Is This Good for the Company? – The Culture Change Argument

The Culture Change Argument

Most professionals agree they would prefer a positive and engaging company culture over an oppressive dictatorship style. The question is, how does a company change its culture? There are opposing views over what exactly impacts and ultimately changes the culture of an organization. Today, we’ll examine two popular theories to better understand how to approach change.


The Influence Method

Changing culture through influence requires messaging, communication, reinforcement and top down example setting coupled with bottom up feedback channels. Any change requires time to see results and while the focus is using influence as a change agent, processes will likely change as well. The difference between this approach and the process change method is that the impetus is on the messaging, values, vision and mission, not necessarily the processes and procedures.  The processes and procedures should adapt to be in line with the messaging where needed but are not generally considered the driver for culture change.


The Process Change Method

Others believe culture change is a byproduct of shifting dynamics within the workplace or external factors. These dynamics would include processes, procedures, compensation structures, technology advances, etc. The thought is less on the messaging from the organization and more on the accepted norms of conducting business.  These people believe that culture change is created when shifts in how business is conducted change the status quo. Therefore, to create a culture change, a change in how business is conducted and/or how employees are rewarded is required.


Which is Correct

So which approach is correct? Is culture change driven by new messaging and beliefs, or is a change in business practices the only way to achieve desired change?  It can be suggested that it is a combination of both. Messaging alone will not get it done, nor will solely changing business practices.  With either approach, a company may recognize minor shifts but to truly achieve a cultural change, both must be present.


If a company solely utilizes messaging and communication but business practices counterproductive to the new culture remain, the change will not fully take hold. Conversely, if a company solely utilizes a change in business practices but does not have congruent messaging, the organizational culture may become disjointed. While most companies have sub-cultures within the macro culture, each sub-culture must still support the overarching vision of the organization. Without consistent messaging and shared vision, this can create conflicting sub-cultures which can cause rifts within the organization.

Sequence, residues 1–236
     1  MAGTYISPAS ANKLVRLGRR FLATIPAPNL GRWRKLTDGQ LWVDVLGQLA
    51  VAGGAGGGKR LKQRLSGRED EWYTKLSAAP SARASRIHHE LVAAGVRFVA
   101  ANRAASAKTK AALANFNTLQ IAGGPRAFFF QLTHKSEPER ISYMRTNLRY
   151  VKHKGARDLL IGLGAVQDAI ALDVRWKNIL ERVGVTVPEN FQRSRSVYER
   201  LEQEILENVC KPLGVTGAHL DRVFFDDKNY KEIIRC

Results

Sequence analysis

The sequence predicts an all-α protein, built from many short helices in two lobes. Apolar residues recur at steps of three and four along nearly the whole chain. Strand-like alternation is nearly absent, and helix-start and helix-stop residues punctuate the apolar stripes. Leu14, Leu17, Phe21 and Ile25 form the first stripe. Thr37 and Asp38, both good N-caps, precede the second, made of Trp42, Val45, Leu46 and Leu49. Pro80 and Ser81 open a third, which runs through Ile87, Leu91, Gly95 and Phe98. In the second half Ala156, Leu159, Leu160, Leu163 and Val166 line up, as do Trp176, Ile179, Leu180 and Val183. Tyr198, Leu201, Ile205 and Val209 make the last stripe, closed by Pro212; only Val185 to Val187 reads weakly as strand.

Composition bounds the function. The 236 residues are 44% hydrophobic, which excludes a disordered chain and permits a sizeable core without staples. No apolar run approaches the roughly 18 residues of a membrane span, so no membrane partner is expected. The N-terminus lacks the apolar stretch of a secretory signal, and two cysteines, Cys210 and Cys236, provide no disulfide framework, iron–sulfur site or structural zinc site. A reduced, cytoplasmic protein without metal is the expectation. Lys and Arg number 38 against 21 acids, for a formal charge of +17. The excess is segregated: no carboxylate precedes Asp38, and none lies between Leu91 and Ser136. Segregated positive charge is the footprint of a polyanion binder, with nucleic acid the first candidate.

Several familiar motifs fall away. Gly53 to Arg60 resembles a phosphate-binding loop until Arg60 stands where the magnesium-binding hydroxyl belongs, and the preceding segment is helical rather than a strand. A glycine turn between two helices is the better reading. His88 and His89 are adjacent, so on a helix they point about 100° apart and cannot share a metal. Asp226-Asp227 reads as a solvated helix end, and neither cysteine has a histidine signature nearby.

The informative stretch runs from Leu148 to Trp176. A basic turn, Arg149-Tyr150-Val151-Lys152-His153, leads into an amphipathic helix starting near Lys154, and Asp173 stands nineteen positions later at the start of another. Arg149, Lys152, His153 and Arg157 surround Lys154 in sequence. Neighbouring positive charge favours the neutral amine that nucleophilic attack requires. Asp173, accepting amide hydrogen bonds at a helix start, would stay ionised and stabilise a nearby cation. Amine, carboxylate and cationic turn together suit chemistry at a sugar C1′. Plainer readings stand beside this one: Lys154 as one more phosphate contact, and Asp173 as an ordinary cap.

It is recommended that an executive team make sure that the culture of the organization supports the vision of the company. While the executive team will drive the messaging of culture change, it should not ignore the bottom up feedback of the workforce. Pushing messaging for culture change with a blind eye to workforce feedback is ill advised. Moreover, the executive team should ensure that policies, procedures, business practices, technology, promotional opportunities and compensation structures should be in line with supporting the vision and desired culture of the organization. Conducting an anonymous culture sensing project will allow the executive team to understand where the company is currently in order to better understand the climate and the feedback will provide variables to consider when embarking on a culture change initiative.

Culture change should not be a hypocritical undertaking. All levels of the organization must live the change or it will not achieve the desired results. You cannot adhere to the “do what I say not what I do” philosophy and drive a successful culture change. Internal politics can and will erode progress. Give the workforce a voice. When the workforce feels heard, they are more apt to give change a try, even if the change isn’t exactly in line with their preferred direction. If a workforce feels unheard, the result is stifled, or at best, delayed change.  Ultimately, remember that culture should support the continuing vision, values and execution of the company. If the culture is in line with these items, no change is needed (assuming the vision and values are appropriate).


Author: Rob Comeau is the CEO of Business Resource Center, Inc., a management consulting and M&A advisory firm with a focus on the PEO industry. For more information on BRC, please visit their website at